Memory and Forgetting

Research output: Chapter in Book/Report/Conference proceedingChapterpeer-review


Forgetting refers to the apparent loss of, or inability to access, information previously acquired and stored in memory. Everyday forgetting typically occurs incidentally through factors affecting the memory processes of encoding, consolidation, and retrieval. Forgetting can also be motivated. This intentional kind of forgetting can be observed, for example, through the suppression of retrieval or in response to instruction. Incidental and motivated forgetting are different from abnormal forgetting seen in retrograde amnesia, which is usually severe. This article explains the underlying cognitive and neurobiological mechanisms involved in these different forms of forgetting.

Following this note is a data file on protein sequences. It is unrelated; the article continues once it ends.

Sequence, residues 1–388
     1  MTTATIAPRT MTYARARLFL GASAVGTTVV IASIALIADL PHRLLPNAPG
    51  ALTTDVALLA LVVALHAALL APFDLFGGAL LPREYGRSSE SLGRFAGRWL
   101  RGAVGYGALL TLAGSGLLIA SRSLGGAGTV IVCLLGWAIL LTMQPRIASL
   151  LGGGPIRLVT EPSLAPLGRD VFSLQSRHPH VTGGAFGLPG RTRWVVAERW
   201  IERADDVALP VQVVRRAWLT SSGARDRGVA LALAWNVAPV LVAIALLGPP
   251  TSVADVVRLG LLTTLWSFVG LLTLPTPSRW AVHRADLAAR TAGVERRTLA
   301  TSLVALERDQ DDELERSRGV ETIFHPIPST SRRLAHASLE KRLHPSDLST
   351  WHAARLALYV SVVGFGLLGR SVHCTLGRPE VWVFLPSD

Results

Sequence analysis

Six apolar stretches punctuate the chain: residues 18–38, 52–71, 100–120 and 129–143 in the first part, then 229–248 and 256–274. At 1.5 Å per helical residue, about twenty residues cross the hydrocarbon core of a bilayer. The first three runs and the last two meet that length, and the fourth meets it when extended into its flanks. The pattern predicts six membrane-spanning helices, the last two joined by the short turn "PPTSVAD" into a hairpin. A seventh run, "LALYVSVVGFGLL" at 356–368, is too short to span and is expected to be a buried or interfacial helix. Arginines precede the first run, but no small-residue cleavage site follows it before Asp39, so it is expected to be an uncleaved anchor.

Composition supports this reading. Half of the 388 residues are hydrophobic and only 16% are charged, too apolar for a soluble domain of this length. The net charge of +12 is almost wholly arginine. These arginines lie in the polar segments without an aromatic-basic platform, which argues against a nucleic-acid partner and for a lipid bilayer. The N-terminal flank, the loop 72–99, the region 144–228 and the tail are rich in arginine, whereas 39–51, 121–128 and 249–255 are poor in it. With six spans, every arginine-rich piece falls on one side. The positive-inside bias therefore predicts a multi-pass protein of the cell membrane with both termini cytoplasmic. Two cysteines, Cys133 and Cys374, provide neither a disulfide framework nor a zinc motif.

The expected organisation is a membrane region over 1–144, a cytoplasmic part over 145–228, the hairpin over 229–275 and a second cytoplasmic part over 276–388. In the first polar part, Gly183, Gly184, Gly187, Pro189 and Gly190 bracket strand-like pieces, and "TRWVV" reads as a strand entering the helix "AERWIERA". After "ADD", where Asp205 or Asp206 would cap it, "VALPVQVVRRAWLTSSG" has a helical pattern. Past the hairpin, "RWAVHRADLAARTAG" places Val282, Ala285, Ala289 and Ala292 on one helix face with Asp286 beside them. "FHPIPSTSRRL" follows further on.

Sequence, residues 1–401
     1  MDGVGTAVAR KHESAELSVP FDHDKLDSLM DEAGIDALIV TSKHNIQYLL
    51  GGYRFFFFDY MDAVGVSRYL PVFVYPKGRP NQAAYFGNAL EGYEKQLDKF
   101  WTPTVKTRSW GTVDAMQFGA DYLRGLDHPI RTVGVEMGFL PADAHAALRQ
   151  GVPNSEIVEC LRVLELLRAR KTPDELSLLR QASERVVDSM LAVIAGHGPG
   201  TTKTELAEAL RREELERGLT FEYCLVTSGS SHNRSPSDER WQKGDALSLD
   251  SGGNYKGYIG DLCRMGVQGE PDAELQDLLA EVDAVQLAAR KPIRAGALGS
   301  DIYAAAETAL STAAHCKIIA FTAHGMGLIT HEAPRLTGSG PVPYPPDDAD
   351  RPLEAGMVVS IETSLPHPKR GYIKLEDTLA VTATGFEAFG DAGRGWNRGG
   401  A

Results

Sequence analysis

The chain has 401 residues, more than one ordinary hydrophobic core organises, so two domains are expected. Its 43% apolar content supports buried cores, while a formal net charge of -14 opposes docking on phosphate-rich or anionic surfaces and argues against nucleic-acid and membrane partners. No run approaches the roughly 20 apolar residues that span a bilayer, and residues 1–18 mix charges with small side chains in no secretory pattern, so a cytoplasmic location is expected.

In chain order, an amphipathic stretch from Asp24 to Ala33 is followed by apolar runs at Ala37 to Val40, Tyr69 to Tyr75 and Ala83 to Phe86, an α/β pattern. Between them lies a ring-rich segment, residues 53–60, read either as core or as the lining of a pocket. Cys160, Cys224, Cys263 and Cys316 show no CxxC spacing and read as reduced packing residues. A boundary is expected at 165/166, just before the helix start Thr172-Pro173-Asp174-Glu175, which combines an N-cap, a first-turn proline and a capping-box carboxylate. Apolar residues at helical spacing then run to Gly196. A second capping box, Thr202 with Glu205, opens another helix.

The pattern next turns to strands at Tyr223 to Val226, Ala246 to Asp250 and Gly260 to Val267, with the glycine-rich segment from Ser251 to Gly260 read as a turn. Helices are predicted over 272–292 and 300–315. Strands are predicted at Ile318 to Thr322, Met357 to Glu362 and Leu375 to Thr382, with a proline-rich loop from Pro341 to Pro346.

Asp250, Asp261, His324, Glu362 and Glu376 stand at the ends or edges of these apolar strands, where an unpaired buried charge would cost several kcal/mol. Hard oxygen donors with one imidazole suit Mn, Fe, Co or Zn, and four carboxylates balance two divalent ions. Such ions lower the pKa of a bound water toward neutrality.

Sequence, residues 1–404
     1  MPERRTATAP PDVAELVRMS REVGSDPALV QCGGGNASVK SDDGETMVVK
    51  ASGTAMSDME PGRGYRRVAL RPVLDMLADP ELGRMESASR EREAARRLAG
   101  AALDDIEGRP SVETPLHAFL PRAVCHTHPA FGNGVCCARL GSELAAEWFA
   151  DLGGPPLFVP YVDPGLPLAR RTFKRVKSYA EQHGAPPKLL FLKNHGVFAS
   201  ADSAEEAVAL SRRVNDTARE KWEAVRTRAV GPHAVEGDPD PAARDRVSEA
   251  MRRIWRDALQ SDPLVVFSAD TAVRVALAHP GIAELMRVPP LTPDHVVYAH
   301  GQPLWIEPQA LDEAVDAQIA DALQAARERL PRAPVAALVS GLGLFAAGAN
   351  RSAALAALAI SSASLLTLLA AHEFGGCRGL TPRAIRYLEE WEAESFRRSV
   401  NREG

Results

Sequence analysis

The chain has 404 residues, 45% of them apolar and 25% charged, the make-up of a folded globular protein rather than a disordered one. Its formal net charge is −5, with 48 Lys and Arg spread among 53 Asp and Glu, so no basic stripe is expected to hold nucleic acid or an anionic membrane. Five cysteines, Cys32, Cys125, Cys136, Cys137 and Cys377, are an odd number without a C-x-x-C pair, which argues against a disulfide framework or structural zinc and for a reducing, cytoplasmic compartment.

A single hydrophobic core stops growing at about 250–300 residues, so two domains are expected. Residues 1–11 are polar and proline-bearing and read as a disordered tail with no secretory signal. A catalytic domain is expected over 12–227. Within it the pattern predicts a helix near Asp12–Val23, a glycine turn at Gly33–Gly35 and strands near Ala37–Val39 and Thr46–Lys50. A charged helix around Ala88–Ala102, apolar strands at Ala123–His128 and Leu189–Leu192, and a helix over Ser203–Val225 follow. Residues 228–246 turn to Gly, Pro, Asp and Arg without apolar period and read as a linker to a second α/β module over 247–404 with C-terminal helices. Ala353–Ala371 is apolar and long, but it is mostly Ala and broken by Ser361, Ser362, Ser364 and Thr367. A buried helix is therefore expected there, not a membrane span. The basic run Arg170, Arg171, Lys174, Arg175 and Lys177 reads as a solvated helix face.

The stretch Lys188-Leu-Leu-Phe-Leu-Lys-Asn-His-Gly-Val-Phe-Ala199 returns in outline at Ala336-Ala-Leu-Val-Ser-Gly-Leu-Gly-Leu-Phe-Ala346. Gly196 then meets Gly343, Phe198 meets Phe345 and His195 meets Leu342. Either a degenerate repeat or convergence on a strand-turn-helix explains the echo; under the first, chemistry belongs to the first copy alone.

Original languageEnglish
Title of host publicationEncyclopedia of Behavioral Neuroscience
EditorsSergio Della Sala, Mikhail V. Pletnikov, Michel Thiebaut de Schotten, Sarah E. MacPherson
Place of PublicationAmsterdam
Number of pages7
ISBN (Electronic)9780128216361
ISBN (Print)9780128196410
Publication statusPublished - 6 Sept 2021


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